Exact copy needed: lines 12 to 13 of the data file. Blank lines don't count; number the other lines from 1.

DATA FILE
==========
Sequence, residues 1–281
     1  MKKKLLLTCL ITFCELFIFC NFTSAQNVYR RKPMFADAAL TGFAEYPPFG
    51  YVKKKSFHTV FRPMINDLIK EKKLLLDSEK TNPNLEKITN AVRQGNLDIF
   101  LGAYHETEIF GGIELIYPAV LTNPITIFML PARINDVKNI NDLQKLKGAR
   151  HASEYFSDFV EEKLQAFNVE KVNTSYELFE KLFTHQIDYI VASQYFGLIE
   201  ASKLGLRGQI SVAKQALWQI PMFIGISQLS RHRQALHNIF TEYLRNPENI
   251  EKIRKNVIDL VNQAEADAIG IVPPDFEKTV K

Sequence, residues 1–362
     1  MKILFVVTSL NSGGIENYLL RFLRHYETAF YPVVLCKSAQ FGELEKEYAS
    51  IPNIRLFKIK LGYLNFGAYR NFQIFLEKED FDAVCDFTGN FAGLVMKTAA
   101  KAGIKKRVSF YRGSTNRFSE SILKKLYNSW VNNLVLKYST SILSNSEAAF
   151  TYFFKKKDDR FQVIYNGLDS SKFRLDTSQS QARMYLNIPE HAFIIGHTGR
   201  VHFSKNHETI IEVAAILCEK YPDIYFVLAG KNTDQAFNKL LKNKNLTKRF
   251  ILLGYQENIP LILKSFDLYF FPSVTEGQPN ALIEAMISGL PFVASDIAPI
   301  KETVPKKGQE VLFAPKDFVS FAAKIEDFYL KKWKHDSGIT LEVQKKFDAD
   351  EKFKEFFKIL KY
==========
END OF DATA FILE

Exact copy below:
   151  TYFFKKKDDR FQVIYNGLDS SKFRLDTSQS QARMYLNIPE HAFIIGHTGR
   201  VHFSKNHETI IEVAAILCEK YPDIYFVLAG KNTDQAFNKL LKNKNLTKRF